A travel site writes: “ … summer is particularly great for storks and their babies. You can see stork nests on almost every other chimney. Interesting is that Rust has been awarded the most beautiful town of Burgenland since 2001. It is even in UNESCO’s World Heritage list.”   I do nave a good stock nest picture from near the Fischerkirche which we visited the next morning.

We must have had a map for biking or instructions from our host. We left the main part of the village and biked to the lake. View the picture below which comes from Google Earth. Rust and our inn are on the far left.   We biked along the white road up to that long white streak (Seestrasse) which is the road to Ruster Bucht which means “Rust Bay.” Actually, there was a bike path to the south of the road.   That path was ¾ of a mile long.  

Out at the end, Rust Bay contains small house (vacation homes?) and marinas. But the intriguing thing about the ride was the dark greenish-brown space to the right and left of the road. Besides the area that is visible in the picture, that Rustextends over vegetation covers acres of the shoreline to the north and south.   Those are reed beds!!! They are not only huge in area, but extremely tall. Taller than corn. As you bike along you cannot see over the tops.

Here is another comment from Wikipedia: “Most of the lake is surrounded by reeds which serve as a habitat for wildlife (making the lake an important resting place for migratory birds)[6] and are harvested in winter as soon as the ice is solid enough.[7] This serves a double purpose, one ecological (removal of the bulk of organic matter that would otherwise decay in the lake) and one economic (the reed is sold for various purposes, mostly related to construction and housing).”

Just north of the road and that small parking lot on the south edge are structures with turn out to be boat houses nestled among the reeds and each having its own access to channels to the lake.RustBiking

At the end – Rust Bucht – we biked the streets and viewed the boats. To the far right of the picture above is the lake. I just noticed that there must be a pier at the end of the bike path. That white line that proceeds out and turns sharply north is a ferry route. The name of the route is Fahrradfahre Podersdorg Rust. The “Fah…” is “bicycle ride”!   Podersdorf is the town on the other side of the lake. The destination of the ferry for bikers.   Amazing!!!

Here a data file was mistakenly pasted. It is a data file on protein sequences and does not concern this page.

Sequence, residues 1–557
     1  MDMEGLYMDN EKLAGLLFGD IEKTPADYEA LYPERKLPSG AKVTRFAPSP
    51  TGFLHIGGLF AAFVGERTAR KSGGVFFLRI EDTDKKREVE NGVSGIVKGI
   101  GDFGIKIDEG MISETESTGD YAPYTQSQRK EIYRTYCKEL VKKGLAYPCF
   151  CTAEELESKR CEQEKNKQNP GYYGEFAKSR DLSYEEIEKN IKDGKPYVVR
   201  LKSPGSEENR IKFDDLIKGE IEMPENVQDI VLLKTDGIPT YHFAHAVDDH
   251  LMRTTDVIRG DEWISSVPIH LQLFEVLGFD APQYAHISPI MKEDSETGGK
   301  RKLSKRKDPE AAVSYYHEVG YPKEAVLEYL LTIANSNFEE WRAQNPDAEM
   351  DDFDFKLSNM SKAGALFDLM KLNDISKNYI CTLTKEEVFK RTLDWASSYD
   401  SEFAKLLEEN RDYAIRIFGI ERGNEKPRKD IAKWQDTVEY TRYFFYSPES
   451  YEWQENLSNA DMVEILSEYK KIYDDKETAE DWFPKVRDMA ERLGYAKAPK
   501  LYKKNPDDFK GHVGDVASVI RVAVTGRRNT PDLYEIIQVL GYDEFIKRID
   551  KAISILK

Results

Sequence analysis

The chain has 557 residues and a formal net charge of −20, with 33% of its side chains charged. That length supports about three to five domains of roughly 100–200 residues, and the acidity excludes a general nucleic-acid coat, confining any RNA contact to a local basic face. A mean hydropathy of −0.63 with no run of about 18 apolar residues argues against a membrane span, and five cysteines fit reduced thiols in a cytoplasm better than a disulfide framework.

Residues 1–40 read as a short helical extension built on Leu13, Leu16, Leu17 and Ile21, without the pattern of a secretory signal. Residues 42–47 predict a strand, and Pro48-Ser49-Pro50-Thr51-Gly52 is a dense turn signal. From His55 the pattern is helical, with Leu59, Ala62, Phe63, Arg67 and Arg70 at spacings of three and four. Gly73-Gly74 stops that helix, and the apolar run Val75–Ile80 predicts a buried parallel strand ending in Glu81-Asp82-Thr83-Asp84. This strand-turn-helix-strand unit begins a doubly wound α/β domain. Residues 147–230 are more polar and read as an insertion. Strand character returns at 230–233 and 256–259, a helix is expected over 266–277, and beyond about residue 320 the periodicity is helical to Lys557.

We never knew about the ferry when we were there.

Then back at our hotel. We changed and went to dinner.   It was another quiet place on the west end of town.   It was a late dinner even for Europe.

Back at our room we had noticed that the clock repair must have been completed.   OK. So, lying in bed at 11 PM, the clock slowly and loudly (It was across the street.) struck the chimes for 11 PM.   Less then 5 minutes later, another clock contained in another tower struck 11 PM. Gong, gong, gong,…   The repairmen were not there to synchronize the city clocks.   O well, I am a sound sleeper and do not think I was bothered later that night.

Rust to Budapest on October 9, 2001

RustVineyardThe next morning, we ate and borrowed the bikes once again. This time we biked south. Eight miles south is Sopron, Hungary. I believe we crossed the border later on in the day at Sopron.   But a Hungarian prison is 5 miles south.   Another Hungarian town closer to Austria and Rust is Fertorakos where the Rust lake is called Ferto in Hungarian. I do not see precisely where the border crossing is located.  

Anyway, it was a fairly pleasant and sunny bike ride.   Just as I had tried to bike to Belgium from Maastricht in 1994, I tried to bike to Hungary.   I believe I stopped before getting there.   The road or trail we were riding on was going through a huge area of vineyards.   Rust – as so many other places --- seemed to be “noted for their wine.”   Here was the source. The picture shows Bev examining the vines. I believe that the harvest had already occurred.

Looking at an aerial map, the entire region west and north into Slovakia seems to be full of vineyards.  

After the ride we still crammed in time to visit another ancient church called the Fischerkirche. RustChurch(As you know, “kirche” is church in German.) There are several pages devoted to it on the web. However, all of them are in German. The best I can do is to say that it was probably built around 1400. It seems like we had some kind of tour with an English explanation.

Well, according to notes, we got to Sopron at 1 PM.   There I used 20 cents (in whose currency for a w.c.). We were 135 miles from Budapest.  

“Thank you” in Hungarian is köszönöm.       Some other words in my notes were “plat schnicken mit Marmade.” The notes said it was a crepe. However, it translates in German to “plat snails with jam.” Hum.   Truly, it fails in translation.